Space for each other6 Nov 2023
There is an unusual quality to the silence of true listening. Even as it fills spaces, it allows for thoughts and speech.
It is in the quiet moment, the hesitant silence. Not yet awkward, though some might fear it could soon become so. Gathered in a circle, praying. Ready for the space to open out with sharing. Deep, quiet breaths. The warmth of bodies gathered. More than just temperature, a warmth that settles and makes safe.
There is no apprehension that you won’t be listened to. No fear of off-hand rejection. If such fears existed, they recede as the silence holds the group. This is the space of synodality. It is not abstract, merely theoretical. It is gathering in a way that allows for listening.
This is a space well known to those who pray. Throughout Jesus’ life he is witnessed withdrawing into that space where a still silence might allow room for the voice of the Father. This is by no means always an easy space to be. There can be ‘anguish’ amid that silent space of prayer, as for Jesus on the Mount of Olives (Luke 22:44).
Just as for Jesus, prayer creates the context in which we can recognise our deepest desires in conformity with those desires that God has for us. Just as we can do this as individuals, so we can do it as communities.
After Jesus’ Ascension, the disciples pray together. The women and men gather together in prayer (Acts 1:14). There are leaders, and their roles, especially that of Peter, cannot be underestimated. But there is a collective trust in the way the will of God is expressed in their community.
The depth of their fellowship is expressed in the sharing of goods and the time they spend together. Time spent together in public worship in the temple and in breaking bread and continuing their worship at home (Acts 2:46-47). This was a community, ‘of one heart and soul’ (Acts 4:32).
It is with this goodwill, this deep sense of connection that tensions can be registered and slowly resolved. As for the early Church when confronting the question of whether gentiles needed to become circumcised (Acts 15), people of goodwill can read the signs of the times differently. But the experience of having prayed together, having shared that deepest experience of life, allows a space for seeking God’s will beyond any one’s ego.
Returning to that silence, I notice the way in which it is a sovereign sacred space and a precipice for sharing. Sharing from the deepest self, from the heart. Many times that I have been in this situation it has not been with any decision in mind. Often, I have been with school or university students simply offering up a space for openness and so vulnerability.
It is a space we offer one another. It’s not mine to give or take away. It is ours together. That offering can make possible a radical sense of community. The levelling. Everyone must give themselves to this and one person’s withdrawal does not destroy, but does fracture, the group.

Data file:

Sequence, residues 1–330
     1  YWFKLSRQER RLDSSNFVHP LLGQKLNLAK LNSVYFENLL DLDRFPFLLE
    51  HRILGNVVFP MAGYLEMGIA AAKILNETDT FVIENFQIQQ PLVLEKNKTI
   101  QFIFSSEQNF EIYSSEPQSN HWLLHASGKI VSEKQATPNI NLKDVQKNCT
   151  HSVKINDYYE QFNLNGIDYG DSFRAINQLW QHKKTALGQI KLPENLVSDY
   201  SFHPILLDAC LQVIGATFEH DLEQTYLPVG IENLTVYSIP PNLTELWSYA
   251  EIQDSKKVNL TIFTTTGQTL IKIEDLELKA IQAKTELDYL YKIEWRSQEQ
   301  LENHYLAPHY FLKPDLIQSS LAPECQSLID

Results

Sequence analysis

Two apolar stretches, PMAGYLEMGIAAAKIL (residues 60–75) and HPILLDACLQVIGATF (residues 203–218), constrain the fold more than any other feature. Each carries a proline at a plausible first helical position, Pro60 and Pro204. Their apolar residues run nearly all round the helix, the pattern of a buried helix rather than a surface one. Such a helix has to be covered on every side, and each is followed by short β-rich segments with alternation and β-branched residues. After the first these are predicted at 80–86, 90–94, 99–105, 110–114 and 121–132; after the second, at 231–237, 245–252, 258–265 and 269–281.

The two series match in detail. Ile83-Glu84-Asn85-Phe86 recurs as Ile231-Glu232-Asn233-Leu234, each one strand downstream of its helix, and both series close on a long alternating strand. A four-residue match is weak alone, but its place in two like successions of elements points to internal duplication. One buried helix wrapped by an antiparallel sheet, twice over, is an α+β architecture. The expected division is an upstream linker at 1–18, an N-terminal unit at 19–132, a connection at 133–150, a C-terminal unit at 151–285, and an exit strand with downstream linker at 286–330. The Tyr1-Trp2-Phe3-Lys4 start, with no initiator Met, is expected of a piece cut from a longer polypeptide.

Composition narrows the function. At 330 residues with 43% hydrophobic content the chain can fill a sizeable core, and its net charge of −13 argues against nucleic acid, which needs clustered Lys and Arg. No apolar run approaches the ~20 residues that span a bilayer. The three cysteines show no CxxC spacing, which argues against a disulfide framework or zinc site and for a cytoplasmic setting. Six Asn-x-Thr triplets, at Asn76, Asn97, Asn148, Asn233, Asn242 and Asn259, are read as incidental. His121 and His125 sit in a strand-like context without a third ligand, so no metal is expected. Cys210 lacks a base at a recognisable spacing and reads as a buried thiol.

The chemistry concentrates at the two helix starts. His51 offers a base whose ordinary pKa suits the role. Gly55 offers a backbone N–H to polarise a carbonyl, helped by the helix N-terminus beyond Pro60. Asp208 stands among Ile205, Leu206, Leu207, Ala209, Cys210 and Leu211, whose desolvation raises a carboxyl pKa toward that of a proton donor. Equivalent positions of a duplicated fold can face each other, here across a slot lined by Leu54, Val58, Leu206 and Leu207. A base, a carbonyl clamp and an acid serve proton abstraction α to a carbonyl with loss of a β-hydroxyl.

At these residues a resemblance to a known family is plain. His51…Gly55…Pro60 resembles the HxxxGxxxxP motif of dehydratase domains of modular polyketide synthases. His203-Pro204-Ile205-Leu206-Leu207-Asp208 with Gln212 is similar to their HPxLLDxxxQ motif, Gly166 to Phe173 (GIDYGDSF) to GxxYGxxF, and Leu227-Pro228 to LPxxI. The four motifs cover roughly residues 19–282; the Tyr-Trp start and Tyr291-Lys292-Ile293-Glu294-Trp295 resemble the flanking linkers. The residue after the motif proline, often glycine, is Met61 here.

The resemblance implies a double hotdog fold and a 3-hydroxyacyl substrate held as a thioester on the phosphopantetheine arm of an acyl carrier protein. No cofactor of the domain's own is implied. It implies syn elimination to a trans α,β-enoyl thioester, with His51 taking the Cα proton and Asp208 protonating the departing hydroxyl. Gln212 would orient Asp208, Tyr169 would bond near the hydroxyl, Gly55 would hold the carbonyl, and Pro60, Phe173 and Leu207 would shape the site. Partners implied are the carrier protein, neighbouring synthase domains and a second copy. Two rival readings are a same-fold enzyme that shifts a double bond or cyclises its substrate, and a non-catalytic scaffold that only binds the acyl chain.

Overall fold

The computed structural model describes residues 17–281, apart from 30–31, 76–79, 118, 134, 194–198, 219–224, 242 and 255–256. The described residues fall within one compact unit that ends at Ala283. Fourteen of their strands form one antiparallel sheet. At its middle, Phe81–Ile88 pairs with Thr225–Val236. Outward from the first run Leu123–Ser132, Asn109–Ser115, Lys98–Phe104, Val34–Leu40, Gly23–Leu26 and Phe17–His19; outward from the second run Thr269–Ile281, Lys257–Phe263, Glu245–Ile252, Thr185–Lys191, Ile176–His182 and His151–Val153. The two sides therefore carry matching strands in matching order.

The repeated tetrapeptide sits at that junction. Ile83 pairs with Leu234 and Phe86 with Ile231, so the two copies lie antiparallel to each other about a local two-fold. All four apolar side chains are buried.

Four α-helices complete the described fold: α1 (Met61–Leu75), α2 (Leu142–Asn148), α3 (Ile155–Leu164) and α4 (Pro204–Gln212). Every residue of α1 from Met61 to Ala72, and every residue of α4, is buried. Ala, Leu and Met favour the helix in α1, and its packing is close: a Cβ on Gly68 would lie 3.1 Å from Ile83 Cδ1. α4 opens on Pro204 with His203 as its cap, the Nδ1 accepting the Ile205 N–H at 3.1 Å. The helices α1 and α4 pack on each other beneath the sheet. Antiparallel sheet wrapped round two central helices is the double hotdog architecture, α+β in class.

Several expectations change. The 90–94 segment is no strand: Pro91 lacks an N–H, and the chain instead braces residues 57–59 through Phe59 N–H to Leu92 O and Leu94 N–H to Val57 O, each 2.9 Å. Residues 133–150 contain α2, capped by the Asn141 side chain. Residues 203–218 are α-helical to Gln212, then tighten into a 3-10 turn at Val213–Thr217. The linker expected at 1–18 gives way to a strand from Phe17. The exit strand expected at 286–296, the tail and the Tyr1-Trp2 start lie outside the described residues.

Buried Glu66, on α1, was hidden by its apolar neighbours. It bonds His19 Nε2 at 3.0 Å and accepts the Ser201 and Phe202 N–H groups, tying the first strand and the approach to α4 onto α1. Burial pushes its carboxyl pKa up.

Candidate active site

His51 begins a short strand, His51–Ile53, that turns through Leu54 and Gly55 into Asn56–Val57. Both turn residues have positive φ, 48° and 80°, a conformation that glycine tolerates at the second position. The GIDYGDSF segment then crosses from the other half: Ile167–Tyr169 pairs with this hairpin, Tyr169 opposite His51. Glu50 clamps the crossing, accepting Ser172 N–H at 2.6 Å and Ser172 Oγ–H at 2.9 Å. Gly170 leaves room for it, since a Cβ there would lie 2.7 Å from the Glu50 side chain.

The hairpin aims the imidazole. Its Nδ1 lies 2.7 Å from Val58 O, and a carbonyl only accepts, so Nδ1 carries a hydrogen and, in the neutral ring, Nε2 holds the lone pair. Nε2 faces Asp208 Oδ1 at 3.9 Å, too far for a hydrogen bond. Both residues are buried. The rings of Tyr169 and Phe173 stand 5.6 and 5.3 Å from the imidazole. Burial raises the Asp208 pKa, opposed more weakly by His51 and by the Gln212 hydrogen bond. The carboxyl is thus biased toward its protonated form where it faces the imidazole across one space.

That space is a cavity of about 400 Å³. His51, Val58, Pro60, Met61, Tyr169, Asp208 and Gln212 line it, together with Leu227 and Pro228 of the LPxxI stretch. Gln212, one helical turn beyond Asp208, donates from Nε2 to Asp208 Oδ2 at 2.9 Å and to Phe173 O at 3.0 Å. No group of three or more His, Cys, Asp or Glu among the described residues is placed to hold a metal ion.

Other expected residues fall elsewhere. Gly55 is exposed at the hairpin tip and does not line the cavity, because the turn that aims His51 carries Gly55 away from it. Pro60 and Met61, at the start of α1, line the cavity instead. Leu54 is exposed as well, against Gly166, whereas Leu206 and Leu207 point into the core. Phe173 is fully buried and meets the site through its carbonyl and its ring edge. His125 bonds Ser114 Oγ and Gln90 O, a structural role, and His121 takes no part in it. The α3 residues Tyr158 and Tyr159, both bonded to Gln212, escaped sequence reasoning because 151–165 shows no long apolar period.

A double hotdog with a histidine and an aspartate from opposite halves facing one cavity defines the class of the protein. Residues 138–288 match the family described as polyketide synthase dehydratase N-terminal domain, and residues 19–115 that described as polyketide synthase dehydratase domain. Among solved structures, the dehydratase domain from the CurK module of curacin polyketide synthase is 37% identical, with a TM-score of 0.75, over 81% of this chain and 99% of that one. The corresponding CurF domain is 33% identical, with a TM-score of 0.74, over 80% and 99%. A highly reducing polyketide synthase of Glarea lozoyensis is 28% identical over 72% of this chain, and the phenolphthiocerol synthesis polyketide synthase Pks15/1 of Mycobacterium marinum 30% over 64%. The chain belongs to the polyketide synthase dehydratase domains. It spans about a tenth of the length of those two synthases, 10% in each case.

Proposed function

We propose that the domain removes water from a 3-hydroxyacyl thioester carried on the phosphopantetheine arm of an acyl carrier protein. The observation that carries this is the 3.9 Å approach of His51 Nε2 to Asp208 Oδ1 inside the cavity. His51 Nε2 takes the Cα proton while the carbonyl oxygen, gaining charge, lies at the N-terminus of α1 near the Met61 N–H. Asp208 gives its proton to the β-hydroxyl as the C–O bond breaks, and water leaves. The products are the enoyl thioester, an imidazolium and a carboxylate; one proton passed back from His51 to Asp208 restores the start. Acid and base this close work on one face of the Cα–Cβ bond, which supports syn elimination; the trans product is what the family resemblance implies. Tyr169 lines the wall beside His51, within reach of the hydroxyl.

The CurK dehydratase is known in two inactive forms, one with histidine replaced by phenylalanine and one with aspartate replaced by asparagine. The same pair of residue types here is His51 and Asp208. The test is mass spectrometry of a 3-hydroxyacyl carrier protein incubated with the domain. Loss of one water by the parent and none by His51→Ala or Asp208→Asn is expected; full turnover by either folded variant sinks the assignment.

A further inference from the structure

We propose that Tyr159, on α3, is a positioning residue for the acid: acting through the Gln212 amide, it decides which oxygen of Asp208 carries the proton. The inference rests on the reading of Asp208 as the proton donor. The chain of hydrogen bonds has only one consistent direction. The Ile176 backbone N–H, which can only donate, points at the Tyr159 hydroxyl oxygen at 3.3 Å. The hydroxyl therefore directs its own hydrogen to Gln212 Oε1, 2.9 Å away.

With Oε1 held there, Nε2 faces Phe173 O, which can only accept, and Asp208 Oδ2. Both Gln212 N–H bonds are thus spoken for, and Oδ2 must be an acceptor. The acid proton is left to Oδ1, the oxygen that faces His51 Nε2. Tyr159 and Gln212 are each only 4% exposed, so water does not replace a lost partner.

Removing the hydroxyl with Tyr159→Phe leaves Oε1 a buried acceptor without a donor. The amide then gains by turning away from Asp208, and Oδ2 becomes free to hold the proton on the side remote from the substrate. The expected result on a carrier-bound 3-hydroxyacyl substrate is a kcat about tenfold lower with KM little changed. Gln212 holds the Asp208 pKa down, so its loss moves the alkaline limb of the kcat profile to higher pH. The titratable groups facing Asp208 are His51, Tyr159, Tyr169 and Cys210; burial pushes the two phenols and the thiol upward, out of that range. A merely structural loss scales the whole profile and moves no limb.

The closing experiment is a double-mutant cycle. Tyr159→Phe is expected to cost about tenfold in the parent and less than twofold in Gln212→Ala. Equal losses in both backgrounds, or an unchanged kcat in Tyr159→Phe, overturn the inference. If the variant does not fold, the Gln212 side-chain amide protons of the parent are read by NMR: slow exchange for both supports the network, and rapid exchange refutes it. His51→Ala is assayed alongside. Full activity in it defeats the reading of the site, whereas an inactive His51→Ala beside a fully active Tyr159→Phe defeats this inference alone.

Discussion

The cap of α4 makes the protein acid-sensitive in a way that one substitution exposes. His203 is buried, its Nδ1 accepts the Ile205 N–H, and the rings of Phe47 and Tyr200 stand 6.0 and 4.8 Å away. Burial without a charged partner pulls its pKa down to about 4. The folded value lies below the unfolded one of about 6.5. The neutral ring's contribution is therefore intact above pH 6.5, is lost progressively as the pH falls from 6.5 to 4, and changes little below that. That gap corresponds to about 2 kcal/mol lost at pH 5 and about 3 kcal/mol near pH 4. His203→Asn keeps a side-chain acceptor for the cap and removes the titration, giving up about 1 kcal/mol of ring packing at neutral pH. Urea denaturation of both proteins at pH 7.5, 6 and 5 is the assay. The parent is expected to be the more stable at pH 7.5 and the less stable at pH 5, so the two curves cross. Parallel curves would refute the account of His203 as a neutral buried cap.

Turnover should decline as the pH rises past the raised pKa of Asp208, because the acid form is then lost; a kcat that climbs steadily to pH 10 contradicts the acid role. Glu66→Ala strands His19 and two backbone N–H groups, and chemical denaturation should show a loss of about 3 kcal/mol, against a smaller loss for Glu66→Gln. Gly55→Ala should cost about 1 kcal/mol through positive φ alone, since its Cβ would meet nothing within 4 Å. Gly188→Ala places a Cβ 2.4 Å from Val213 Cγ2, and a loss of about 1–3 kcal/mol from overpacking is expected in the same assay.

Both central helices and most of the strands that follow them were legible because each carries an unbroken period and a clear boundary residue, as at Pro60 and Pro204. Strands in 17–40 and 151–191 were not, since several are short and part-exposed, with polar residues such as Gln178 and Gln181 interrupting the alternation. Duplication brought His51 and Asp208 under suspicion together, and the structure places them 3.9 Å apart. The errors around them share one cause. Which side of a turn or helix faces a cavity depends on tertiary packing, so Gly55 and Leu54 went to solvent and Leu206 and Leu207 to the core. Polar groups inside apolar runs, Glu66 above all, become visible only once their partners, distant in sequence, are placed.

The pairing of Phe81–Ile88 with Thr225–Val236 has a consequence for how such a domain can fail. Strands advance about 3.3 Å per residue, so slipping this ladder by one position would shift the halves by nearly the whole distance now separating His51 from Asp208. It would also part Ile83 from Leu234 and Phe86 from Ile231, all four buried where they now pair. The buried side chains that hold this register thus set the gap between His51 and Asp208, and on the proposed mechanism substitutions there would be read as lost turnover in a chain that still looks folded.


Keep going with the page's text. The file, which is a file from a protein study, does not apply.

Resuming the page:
The process beyond the silence I use most often is identified as spiritual conversation. The communal is further emphasised as the first-time people speak, noting what they have experienced in prayer, how they are in their life, where and how they are experiencing consolation and desolation, they do so uninterrupted. Following the silence of prayer, each person speaks in turn, as much as they find helpful, without back-and-forth.
Then there is an opportunity for people to articulate and name what they have heard others say. This relies on the whole of the first part of the process being participatory, speaking in turn and listening in turn. People say, ‘When I heard x say, it resonated with me because . . .’, ‘When I was listening to y, I felt . . .’, ‘A common thread I have heard in the sharing of others is . . .’. The ego of each individual is subsumed into the spirit-soaked experience of the group.
From here conversation can unfold. If a decision is to be made, it has a new starting point. The group is not just identifying with the elements of options before them but with the way these options may be emerging in this context through the good spirit or the bad spirit. The decision making becomes a discernment.
Even where there is no particular decision to be made, though, this process can be extremely helpful. The time of prayer, the space of deep silence, the freedom to share, and to listen, provide a means for community to form, guided by the spirit. People emerge gently, with gratitude. A little more aware of themselves, others, and God.
All of this is grounded by the silence that allows for prayer, and so for an engagement which is deep.
The silence, as a way for God’s presence to be experienced, allows each person to engage from the same level. This is the grounding of a synodal process, one that recognises the faithful experiencing the movement of God, and admits them to express that experience as part of a process to recognise the Church’s communal call and the nature of her response.
This article first appeared in the Spring 2023 edition of Madonna magazine.